Where would we be without it and holy hell can it get annoying!

Tomorrow starts a wine tasting series with the French Wine Society– where I am currently studying for my French Wine Scholar- and I am looking at buying six bottles of wine to drink all alone.  Now, I LOVE the concept of doing a tasting through the Wine Society, but I am having this deep sadness due to the absence of a community.  Today I went to a tasting at Sofitel near Bellecour in Lyon and met an American girl working in the marketing department as well as getting her WSET training.  She and I talked for almost an hour about wine, French wine, American wine, all wines!  It was an hour that I loved because I was simply in community- sharing, exchanging, learning from each other.  I am sorta bummed to sit tomorrow behind my computer all alone for this tasting :(.  I hope tomorrow, being the first one, will be something of a surprise and hopefully create opportunities to come into community with fellow students.

Now, there is this concept of TOO much community, I mean too much of people’s opinions and statements.  I do not think wine should be shared with people in order to get them to understand what is good and bad.  Wine is an art.  And everchanging art at that!  It takes education and community to help people find their personal palates and preferences.  We don’t taste wines to say they are wrong or bad, we taste wines for the pleasure of it.  Equally today I was tasting with my friend’s father who had an amazing nose- I mean really spectacular!!  It was in that moment I wanted him to tell me everything and I mean everything he was smelling.  I wanted to attach words the way he did to the smells I was smelling.  He and I didn’t share the same palate or preference for wine, but could equally learn from each other.  He didn’t force his opinion on me or mine on him, we just shared.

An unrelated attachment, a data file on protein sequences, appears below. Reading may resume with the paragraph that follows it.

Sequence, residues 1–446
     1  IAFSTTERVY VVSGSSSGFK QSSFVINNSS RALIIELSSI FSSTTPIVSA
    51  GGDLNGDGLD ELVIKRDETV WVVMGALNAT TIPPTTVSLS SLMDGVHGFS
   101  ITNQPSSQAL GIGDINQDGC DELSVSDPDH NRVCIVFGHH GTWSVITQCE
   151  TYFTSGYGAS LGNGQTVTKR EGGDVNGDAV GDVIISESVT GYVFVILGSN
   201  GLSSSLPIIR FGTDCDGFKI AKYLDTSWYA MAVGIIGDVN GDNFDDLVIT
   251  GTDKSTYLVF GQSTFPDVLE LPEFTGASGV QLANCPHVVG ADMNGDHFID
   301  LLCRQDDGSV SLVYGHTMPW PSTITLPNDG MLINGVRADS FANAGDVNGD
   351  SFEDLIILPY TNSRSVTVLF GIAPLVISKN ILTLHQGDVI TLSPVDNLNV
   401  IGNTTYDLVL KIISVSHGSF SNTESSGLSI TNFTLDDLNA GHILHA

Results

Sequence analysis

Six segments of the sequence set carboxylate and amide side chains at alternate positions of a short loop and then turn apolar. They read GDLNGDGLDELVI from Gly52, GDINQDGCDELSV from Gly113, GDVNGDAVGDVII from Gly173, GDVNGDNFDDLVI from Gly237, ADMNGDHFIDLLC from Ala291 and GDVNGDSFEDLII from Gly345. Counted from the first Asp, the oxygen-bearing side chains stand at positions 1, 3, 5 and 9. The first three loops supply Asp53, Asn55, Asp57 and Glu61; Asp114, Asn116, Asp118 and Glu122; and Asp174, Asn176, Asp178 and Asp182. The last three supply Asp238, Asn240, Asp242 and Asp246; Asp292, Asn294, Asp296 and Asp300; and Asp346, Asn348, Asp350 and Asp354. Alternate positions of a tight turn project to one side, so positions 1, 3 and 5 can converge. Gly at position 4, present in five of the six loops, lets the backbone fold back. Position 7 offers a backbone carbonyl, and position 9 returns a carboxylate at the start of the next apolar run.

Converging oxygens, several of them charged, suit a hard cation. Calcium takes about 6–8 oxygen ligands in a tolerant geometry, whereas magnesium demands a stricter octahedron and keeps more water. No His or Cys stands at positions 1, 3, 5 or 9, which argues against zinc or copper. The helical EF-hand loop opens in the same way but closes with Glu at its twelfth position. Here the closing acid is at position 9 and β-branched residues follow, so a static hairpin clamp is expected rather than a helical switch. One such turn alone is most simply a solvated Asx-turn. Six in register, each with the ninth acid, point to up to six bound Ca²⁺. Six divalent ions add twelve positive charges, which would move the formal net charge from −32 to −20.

I want, I hope to, build a community with From Vine to Wine… Talk about a dream come true!Burgundy Vines


Ok, lets talk tastings…

   I LOVE giving tastings. I really want to spend my days teaching people about the magic of wine.  How every glass is different, every sip proves something new, every person a different palate.  I mean really, what more could you ask for?

   Personally, I love the finish.  I talked about it in my last post, but the finish is my thing.  I think this is the reason I am so drawn to French wines.  In my humble opinion, terroir = finish and finish = terroir.  The two go together like peanut butter and jelly.

   In France, because of the notion of terroir, they say that any idiot can make wine in a good year, but it takes a real winemaker to make good wine in a bad year.

   I love that.  It makes the wine something other than the person that makes it.  It is a labor of love.  You really have to know your vines in order to get the wine.

   There is a new book about called Why You Like the Wines You Like, but Tim Hanni, MW.  I started reading it the other week and have found it interesting for an American palate, but am wondering for the French palate and moreover, French history.  I LOVE the idea that to start understanding wine, we first have to find the wine style we like.

   With French wines, I encourage people to try and figure out their own palate before critiquing anything about the wine (especially in front of the French).  You are more than welcome to not like a wine, but you better be able to explain if you chose to say that.  Personally, sweet wines are hard for me.  They leave too much sugar on my tongue, too much residue and not enough freshness.  I can say that, because I have tried a variety and learned my won palate.  I have worked to understand what I like and don’t like, what I prefer in a wine and what I don’t.  This is the goal of tastings.  If I can have it my way… starting May 1 this will be what I get to do all the time.  Help people find their personal palate for wine!  Woot woot!